There are plenty of reasons behind the offense’s pedestrian performance. While Steve Sarkisan merits some blame, the execution wasn’t there on several drives. The Bears’ front seven was flying to the ball on nearly every running play. They didn’t allow the dynamic running back duo to find much space. It didn’t help that Tevin Coleman’s poor balance continues to haunt him. The explosive back slipped while making a cut on multiple occasions. This is an issue that continues to plague him.

Sarkisian’s play calling did leave a lot to be desired. Chicago’s secondary is filled with below average starters. They didn’t attack those exploitable matchups enough. Even though Mohamed Sanu and Taylor Gabriel were involved, their success felt more methodical rather than explosive. It was baffling to see Julio Jones only receive five targets. The game tape will reveal how much Chicago shifted their coverage towards containing him. Regardless of how often they did it, Ryan attempted 30 passes and targeted Jones five times. That has to be frustrating, especially against a vulnerable secondary.

When elite wide receivers don’t get the ball, they can still influence the game. Look no further than Austin Hooper’s 88-yard touchdown. Quintin Demps shifts over to provide support against Jones. That leaves Hooper wide open up the seam for a huge play. Jones commands so much attention on every snap. This is another example of his value to the offense.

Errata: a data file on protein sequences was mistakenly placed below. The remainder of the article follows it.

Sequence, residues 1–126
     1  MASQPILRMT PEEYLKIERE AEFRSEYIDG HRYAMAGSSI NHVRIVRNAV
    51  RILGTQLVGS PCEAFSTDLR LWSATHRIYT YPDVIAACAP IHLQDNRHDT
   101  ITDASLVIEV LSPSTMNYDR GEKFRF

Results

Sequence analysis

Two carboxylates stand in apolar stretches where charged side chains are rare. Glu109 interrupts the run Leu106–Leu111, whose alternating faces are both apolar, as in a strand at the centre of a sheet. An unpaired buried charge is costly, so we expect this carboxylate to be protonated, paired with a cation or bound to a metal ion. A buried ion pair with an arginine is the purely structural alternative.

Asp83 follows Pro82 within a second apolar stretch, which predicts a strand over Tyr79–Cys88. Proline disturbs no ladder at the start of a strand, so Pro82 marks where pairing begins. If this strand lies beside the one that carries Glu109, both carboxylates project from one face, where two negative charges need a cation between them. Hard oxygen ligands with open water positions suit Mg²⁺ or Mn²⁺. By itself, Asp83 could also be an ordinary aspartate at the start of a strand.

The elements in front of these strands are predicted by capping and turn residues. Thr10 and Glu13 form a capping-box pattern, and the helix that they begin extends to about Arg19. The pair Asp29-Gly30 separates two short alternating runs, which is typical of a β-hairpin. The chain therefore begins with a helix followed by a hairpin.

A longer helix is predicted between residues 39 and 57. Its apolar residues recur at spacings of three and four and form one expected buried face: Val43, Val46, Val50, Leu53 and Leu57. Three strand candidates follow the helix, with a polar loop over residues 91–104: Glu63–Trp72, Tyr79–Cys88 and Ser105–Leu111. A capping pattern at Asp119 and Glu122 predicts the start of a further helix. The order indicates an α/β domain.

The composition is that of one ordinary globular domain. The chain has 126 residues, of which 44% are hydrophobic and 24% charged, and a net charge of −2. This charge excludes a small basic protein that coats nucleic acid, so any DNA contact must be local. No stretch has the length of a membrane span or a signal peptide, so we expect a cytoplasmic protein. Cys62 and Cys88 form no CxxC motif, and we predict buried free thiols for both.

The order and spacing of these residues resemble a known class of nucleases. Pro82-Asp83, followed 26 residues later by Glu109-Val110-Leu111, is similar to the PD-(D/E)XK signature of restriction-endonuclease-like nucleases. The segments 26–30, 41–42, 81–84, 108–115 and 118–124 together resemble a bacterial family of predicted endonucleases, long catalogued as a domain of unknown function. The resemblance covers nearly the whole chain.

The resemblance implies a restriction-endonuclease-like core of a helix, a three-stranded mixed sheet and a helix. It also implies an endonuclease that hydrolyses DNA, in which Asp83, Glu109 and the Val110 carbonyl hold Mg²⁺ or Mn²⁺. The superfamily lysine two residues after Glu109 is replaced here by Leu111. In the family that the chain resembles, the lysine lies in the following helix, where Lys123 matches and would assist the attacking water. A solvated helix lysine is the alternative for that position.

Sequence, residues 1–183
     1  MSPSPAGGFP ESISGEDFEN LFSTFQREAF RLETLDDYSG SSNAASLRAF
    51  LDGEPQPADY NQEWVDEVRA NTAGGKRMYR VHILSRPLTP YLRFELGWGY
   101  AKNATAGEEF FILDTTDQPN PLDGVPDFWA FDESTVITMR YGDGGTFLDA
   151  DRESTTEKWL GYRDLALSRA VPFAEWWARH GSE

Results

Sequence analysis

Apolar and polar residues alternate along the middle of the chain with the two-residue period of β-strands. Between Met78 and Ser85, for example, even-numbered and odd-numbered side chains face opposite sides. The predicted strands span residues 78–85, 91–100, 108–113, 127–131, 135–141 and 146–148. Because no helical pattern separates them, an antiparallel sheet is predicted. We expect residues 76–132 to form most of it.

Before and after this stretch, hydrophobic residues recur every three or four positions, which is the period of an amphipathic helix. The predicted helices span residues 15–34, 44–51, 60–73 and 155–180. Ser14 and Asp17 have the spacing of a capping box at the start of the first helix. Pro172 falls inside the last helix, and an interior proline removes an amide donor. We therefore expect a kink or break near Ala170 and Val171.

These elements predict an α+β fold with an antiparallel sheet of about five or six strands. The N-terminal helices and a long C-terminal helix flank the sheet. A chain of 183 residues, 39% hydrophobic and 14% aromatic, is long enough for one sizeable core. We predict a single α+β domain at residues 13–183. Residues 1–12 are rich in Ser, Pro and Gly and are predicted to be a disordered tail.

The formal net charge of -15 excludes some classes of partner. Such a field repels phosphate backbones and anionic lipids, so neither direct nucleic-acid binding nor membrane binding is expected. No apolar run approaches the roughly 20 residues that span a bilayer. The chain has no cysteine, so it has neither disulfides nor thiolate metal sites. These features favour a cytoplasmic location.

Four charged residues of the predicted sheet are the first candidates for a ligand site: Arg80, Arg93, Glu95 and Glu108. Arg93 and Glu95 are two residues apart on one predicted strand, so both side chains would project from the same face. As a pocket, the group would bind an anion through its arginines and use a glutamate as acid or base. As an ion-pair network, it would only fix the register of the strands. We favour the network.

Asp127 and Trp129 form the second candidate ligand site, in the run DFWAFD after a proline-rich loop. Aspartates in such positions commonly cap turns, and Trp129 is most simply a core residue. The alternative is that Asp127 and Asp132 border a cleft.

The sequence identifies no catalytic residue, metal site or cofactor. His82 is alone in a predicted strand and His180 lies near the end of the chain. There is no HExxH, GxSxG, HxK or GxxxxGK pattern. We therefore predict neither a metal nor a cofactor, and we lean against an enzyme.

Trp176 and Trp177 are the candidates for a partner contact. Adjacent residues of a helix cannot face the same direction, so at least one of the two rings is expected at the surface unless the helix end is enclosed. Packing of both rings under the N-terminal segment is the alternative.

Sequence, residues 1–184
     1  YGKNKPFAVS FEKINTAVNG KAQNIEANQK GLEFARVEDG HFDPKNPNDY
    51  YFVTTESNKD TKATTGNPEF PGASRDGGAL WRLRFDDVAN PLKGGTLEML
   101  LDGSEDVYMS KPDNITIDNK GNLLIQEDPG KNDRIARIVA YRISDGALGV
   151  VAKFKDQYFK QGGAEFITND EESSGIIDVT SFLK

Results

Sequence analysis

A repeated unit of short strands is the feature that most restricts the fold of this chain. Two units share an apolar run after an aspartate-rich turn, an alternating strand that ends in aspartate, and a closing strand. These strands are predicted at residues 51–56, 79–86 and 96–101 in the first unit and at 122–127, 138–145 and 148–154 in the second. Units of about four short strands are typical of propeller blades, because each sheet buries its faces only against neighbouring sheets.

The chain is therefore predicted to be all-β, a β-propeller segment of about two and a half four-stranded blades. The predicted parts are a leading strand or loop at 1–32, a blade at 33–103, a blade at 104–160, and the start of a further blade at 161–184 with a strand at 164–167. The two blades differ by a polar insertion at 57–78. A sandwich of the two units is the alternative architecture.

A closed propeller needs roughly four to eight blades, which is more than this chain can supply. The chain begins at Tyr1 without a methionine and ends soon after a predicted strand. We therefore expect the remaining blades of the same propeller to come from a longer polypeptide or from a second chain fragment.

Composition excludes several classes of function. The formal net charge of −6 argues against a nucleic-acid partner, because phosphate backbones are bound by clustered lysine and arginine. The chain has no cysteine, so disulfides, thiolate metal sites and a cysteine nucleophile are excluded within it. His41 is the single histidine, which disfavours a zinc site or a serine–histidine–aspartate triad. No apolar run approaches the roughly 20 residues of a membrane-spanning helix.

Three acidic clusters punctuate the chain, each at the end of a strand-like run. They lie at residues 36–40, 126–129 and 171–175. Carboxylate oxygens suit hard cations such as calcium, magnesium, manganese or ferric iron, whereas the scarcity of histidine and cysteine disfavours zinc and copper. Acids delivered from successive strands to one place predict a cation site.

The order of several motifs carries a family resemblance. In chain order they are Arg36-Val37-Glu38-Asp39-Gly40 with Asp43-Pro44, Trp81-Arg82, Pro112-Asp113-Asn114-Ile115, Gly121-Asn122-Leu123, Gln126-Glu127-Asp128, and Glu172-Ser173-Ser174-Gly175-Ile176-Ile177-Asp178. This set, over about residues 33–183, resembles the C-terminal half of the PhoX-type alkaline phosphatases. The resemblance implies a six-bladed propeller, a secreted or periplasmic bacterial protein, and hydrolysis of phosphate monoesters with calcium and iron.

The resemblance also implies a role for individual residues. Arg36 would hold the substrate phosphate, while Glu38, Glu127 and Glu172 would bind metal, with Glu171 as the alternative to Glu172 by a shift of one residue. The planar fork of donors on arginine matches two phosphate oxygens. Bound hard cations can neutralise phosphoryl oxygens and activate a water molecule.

It would be foolish to not praise Hooper for his efforts. The second year tight end didn’t receive his first target until the fourth quarter. On a huge third down, Ryan escaped the pressure and found him downfield. Hooper showed off his ability after the catch with a vicious stiff arm on Demps. The Falcons haven’t had a tight end that can make plays after the catch since Tony Gonzalez. He did it again on the next drive by making two defenders miss on a 40-yard gain. On a lackluster afternoon in dire need of big plays, Hooper delivered on two consecutive third downs.

Looking Ahead

It wasn’t a great performance by any means, but the Falcons needed a win more than any other team in the league. The defense looked as fast as ever closing down plays. Another week of preparation should benefit them as an entire group. It will take time for both coordinators to implement their philosophy. Patience should also be shown for young players who struggled such as Wes Schweitzer and Duke Riley. They couldn’t ask for a better early season litmus test than Green Bay. Asking someone to beat the same team three times in one calendar year is incredibly difficult. If any team can do it against the best quarterback in the league, it would be the Falcons.